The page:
New ultra-sensitive sensor for improved fire safety
A new ultra-violet light detector which is 10,000 times more sensitive to UV light than a traditional zinc oxide detector could enhance fire safety in buildings, researchers report.
London: A new ultra-violet light detector which is 10,000 times more sensitive to UV light than a traditional zinc oxide detector could enhance fire safety in buildings, researchers report.
Currently, photoelectric smoke sensors detect larger smoke particles found in dense smoke, but are not as sensitive to small particles of smoke from rapidly burning fires.
"UV light detectors made from zinc oxide have been used widely for some time but we have taken the material a step further to massively increase its performance," said study co-author professor Ravi Silva from the University of Surrey in Britain.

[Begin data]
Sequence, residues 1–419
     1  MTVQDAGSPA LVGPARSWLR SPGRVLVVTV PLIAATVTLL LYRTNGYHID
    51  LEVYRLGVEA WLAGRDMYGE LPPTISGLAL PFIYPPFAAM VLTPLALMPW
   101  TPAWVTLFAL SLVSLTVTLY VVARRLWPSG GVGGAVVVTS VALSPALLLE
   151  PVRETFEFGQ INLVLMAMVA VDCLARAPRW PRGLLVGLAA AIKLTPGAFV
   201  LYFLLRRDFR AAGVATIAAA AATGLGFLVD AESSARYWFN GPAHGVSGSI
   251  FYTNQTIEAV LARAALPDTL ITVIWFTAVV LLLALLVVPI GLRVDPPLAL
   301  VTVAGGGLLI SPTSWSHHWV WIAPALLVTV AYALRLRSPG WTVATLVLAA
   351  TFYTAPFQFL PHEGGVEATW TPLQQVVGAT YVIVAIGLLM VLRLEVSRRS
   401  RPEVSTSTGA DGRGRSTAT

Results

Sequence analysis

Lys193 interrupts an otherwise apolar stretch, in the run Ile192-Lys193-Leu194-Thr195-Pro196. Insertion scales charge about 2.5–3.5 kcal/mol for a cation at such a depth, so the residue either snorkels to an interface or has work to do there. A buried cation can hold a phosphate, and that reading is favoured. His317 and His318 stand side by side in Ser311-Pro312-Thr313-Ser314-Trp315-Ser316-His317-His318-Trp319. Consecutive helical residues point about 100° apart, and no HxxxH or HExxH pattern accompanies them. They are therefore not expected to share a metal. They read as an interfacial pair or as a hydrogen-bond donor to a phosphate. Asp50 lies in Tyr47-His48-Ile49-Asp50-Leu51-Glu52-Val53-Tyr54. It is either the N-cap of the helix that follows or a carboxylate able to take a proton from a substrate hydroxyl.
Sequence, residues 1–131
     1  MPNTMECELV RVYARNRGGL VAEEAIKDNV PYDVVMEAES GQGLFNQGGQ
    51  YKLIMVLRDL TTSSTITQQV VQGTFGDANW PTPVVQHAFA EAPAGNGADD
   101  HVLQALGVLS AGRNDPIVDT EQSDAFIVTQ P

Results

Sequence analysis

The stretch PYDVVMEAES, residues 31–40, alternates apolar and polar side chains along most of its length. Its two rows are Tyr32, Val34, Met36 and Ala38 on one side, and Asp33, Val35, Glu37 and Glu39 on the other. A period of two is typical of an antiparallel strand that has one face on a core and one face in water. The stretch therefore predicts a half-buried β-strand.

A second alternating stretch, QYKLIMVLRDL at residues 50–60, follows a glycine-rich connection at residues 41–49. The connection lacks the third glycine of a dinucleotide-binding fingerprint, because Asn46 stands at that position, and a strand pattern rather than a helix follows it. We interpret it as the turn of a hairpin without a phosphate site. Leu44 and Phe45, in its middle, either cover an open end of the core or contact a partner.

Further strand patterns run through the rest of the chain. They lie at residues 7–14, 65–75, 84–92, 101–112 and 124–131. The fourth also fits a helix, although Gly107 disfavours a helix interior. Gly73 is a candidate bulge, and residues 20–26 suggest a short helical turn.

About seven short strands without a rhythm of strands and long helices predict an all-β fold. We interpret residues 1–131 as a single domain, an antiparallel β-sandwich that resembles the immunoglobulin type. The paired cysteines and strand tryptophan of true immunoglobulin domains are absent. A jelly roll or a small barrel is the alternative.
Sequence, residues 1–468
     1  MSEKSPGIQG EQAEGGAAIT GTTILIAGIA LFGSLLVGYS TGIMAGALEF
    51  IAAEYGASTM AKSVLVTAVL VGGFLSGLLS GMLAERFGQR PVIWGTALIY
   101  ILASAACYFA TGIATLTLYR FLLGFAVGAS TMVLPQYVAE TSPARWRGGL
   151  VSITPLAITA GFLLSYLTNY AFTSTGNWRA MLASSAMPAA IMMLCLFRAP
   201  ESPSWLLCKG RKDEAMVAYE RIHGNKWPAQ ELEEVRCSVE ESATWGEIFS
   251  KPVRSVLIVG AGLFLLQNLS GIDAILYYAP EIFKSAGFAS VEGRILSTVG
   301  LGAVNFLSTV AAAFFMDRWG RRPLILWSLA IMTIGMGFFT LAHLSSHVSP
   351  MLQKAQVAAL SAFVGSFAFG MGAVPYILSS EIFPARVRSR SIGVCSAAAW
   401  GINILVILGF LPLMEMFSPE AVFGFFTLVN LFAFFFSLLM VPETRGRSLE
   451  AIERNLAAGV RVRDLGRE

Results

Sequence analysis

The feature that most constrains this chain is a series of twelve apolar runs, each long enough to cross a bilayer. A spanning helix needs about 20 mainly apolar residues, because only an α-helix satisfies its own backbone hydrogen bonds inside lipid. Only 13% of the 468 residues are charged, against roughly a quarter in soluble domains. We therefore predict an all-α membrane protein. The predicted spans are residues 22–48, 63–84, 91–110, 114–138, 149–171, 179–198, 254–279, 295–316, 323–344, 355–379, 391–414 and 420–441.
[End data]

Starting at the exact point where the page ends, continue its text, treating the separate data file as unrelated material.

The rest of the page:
Researchers believe that this new material could increase sensitivity and allow the sensor to detect distinct particles emitted at the early stages of fires, paving the way for specialist sensors that can be deployed in a number of applications.
"We transformed zinc oxide from a flat film to a structure with bristle-like nanowires, increasing surface area and therefore increasing sensitivity and reaction speed," Silva said.
The team predicts that the applications for this material could be far reaching.
From fire and gas detection to air pollution monitoring, they believe the sensor could also be incorporated into personal electronic devices, such as phones and tablets, to increase speed, with a response time 1,000 times faster than traditional zinc oxide detectors.
"This is a great example of a bespoke, designer nanomaterial that is adaptable to personal needs, yet still affordable.
"It is ideally suited for use in future flexible electronics, a hugely exciting area," Silva added in a university press release.